• God Of War 3. Press down the thumbsticks to gouge out Poseidon’s eyes. Doesn’t get much better than that in terms of 1:1 controller:game world mapping.

  • Some games do them great. Shen Mue for example. Other ones, you put the controller down when you get to a cutscene, grab a drink or something and BAM, you’re dead because you didn’t notice X on the screen when it was completely unexpected.

    • I actually passed one in Shunmue II by accident because I’d set the controller down – in a scene where Ryo is trying to get help or information from some barber, you sit in the chair to get a shave while you talk and he tests your willpwoer by acting as though he’s about to slit your throat. The ‘A’ button flashes up surrounded by a strong pulsing effect, presumably to match Ryo’s quickened pulse. Apparently if you press anything, you get cut and die – game over. I was on the other side of the room and by the time I got back to the controller the “pulse” had slowed down and I wasn’t dead, so of course I continued to do nothing.

      Pretty clever use of QTEs there.

  • The QTEs from Metal Gear rising Revengeance were some of my favourites. Similar to the above examples, they’re usually used as finishers in action heavy boss fights (so they don’t break the flow), they often correspond to gameplay moves, such as the Blade Mode and Ninja run QTEs and the ones that don’t are usually just friggin awesome to watch, like flipping a giant robot in the air, running along the length of it’s body while slicing through it’s armour and chopping it’s arm off before it’s hit the ground.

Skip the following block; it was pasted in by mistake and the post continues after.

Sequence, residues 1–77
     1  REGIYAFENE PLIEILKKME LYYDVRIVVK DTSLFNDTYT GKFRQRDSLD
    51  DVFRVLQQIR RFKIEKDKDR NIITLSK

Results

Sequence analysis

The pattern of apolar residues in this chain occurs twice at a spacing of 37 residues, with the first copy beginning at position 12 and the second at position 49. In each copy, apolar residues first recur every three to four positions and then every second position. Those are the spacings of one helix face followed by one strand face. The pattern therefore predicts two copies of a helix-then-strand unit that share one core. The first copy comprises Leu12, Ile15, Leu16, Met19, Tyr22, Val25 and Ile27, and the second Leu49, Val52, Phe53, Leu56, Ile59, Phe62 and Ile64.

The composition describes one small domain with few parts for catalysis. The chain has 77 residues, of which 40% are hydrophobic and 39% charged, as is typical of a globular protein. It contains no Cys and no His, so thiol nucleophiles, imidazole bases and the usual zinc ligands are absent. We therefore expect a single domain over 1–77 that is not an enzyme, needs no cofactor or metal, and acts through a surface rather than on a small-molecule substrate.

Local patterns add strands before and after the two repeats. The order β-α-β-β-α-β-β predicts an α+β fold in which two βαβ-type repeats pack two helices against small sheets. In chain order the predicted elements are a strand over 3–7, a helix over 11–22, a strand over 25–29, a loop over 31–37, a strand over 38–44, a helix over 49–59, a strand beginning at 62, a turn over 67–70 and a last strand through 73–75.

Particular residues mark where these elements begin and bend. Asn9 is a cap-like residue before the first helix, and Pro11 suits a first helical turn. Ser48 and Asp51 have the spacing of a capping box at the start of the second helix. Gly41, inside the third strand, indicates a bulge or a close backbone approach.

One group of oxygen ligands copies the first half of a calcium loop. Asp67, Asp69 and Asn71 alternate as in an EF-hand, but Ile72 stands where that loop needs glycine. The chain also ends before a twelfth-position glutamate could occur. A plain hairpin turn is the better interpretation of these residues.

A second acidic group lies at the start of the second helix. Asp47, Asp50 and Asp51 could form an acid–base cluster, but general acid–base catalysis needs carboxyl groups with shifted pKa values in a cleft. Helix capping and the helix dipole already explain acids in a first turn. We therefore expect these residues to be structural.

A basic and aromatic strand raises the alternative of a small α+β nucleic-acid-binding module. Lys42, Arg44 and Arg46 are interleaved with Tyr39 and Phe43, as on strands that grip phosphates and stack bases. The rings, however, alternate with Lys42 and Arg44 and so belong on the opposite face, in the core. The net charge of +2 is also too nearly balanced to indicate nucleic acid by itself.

• I really like Telltale’s implementation of QTE’s most of the time. Tales from the Borderlands I thought did them quite well. Yes they are lazy and require little skill, but that’s a selling point.

    So many of my ‘non-gamer’ mates have become Telltale fanboys/girls over the simple gameplay driven mainly by dialogue choice. There’s a younger me screaming somewhere about catering to the weakest common denominator, but I’ve grown up since then.

    • Telltale’s games are almost 100% QTEs and dialogue choices and I, as a seasoned gamer, am totally ok with that. The action sequences in Walking Dead were sometimes a bit iffy but season 2 was an improvement and I really enjoyed the way they handled the action in The Wolf Among Us as well. I plan to pick up Tales from the Borderlands soon (due to it’s rave reviews in spite of me finding the idea of a Telltale/Borderlands game questionable) along with Game of Thrones (a franchise I will mindlessly consume regardless). Heavy Rain had a mix of both good and bad QTEs.